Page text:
I’m not going to offer any commentary on whether the jury verdict in the Kyle Rittenhouse case was right, wrong, or something in between. But something struck me about the entire incident.
Virtually no one, other than a tiny handful of people, saw what happened on the night of Aug. 25, 2020, in Kenosha, Wisconsin. Not one of the talking heads on the networks was there. Virtually no reporters were in the vicinity. Few police officers were in the area. The people who censor on Facebook, Twitter, and YouTube were (mostly) in California. Each of us who read, saw, or heard the story on Aug. 26 (and months afterward) were nowhere near Kenosha.
And very few of us watched the televised proceedings of the trial. We can’t really speak firsthand to everything the judge said, the attorneys said, and the witnesses said, and what the jury heard. And no one except the jury was in the jury room. We used to trust the trial-by-jury process, and we still do – when they deliver the verdict that fits our politics.
Our knowledge of everything involved with Kyle Rittenhouse was mediated. It’s why the news media are called the media – they’re in the middle; they sit between the news and the people who consume the news. And the news is more mediated than you might think. The reporter writes it or records it; an editor edits it; sensitive stories are often edited by multiple people. And then someone places it on a page or in a newscast. The commentators mediate the news yet again, taking a news story and rewriting it in a personal commentary style. Sometimes the commentator does it directly, and sometimes staff writers do it for the commentator.
The mediation is even deeper, framed by the particular technology the news medium is using – newspaper, television, radio, blog, social media, or whatever.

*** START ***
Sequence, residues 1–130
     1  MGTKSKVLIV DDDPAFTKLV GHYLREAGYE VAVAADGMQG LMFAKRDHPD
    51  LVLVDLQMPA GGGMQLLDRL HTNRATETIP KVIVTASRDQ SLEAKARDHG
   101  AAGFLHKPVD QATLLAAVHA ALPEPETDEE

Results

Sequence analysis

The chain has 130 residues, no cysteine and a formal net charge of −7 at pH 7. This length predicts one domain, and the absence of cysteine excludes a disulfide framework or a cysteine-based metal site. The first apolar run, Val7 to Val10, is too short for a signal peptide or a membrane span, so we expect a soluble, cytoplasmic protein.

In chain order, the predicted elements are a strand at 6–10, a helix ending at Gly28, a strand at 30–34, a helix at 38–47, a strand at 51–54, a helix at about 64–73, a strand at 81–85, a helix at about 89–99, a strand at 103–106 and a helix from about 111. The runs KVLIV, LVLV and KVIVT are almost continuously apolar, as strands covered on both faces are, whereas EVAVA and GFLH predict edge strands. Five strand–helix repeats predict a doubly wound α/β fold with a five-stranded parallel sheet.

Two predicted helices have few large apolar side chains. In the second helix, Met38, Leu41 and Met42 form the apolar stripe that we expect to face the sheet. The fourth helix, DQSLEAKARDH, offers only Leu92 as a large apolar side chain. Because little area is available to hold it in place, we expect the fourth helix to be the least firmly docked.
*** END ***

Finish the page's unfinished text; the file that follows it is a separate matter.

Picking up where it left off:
Deeper still is the narrative.
While we can’t say firsthand what happened in Kenosha, what we can say is that the media – liberal and conservative alike – didn’t report the news. Instead, their reported their particular narrative. The Kyle Rittenhouse case fell right into chasm between the racism / white supremacy narrative of the liberal media and the Second Amendment / self-defense narrative of conservative media. The liberal media narrative dominated because most of the media are liberal.
While it will be some time before the smoke clears, what we do know is that the media in general got this story colossally wrong. The errors and mistakes weren’t just minor or simple typos; they were major and almost designed to inflame passion and anger. And I’m speaking about both sides.
What we know and believe about Kyle Rittenhouse is a narrative, courtesy of our favorite news medium and commentator. You’ve heard and believed those reports within your own echo chamber, with your own set of suppositions and political inclinations. But that doesn’t mean that’s what happened in Kenosha.
There was a time when the media could help people sort through the news. But that time has passed.
The media also missed the larger story. What happened on Aug. 25, 2020, happened because society broke down. Nothing worked like it was supposed to work. Armed bands of people of both extreme persuasions were in the streets of Kenosha. Many were armed. And no one was there to stop them.
This is how drug cartels operate in Mexico.
In this series:
Photograph by William Topa via Unsplash. Used with permission.